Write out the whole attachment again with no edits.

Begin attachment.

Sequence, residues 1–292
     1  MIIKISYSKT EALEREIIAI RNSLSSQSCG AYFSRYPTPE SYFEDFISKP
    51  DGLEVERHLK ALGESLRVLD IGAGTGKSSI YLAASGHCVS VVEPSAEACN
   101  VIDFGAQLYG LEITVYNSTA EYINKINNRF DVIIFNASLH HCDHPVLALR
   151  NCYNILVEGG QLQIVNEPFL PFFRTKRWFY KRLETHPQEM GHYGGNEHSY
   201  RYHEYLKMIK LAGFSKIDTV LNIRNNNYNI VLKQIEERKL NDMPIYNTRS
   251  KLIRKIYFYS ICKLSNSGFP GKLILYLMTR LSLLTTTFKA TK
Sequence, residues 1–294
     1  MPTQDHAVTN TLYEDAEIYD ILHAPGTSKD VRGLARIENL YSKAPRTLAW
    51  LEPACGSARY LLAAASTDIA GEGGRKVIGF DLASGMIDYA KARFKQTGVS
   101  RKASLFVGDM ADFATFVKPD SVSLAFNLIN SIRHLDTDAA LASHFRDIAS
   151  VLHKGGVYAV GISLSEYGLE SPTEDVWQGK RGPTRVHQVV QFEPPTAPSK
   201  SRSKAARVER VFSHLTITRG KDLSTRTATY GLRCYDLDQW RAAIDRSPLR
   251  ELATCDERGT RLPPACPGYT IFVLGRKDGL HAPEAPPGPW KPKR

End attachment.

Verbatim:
Sequence, residues 1–292
     1  MIIKISYSKT EALEREIIAI RNSLSSQSCG AYFSRYPTPE SYFEDFISKP
    51  DGLEVERHLK ALGESLRVLD IGAGTGKSSI YLAASGHCVS VVEPSAEACN
   101  VIDFGAQLYG LEITVYNSTA EYINKINNRF DVIIFNASLH HCDHPVLALR
   151  NCYNILVEGG QLQIVNEPFL PFFRTKRWFY KRLETHPQEM GHYGGNEHSY
   201  RYHEYLKMIK LAGFSKIDTV LNIRNNNYNI VLKQIEERKL NDMPIYNTRS
   251  KLIRKIYFYS ICKLSNSGFP GKLILYLMTR LSLLTTTFKA TK
Sequence, residues 1–294
     1  MPTQDHAVTN TLYEDAEIYD ILHAPGTSKD VRGLARIENL YSKAPRTLAW
    51  LEPACGSARY LLAAASTDIA GEGGRKVIGF DLASGMIDYA KARFKQTGVS
   101  RKASLFVGDM ADFATFVKPD SVSLAFNLIN SIRHLDTDAA LASHFRDIAS
   151  VLHKGGVYAV GISLSEYGLE SPTEDVWQGK RGPTRVHQVV QFEPPTAPSK
   201  SRSKAARVER VFSHLTITRG KDLSTRTATY GLRCYDLDQW RAAIDRSPLR
   251  ELATCDERGT RLPPACPGYT IFVLGRKDGL HAPEAPPGPW KPKR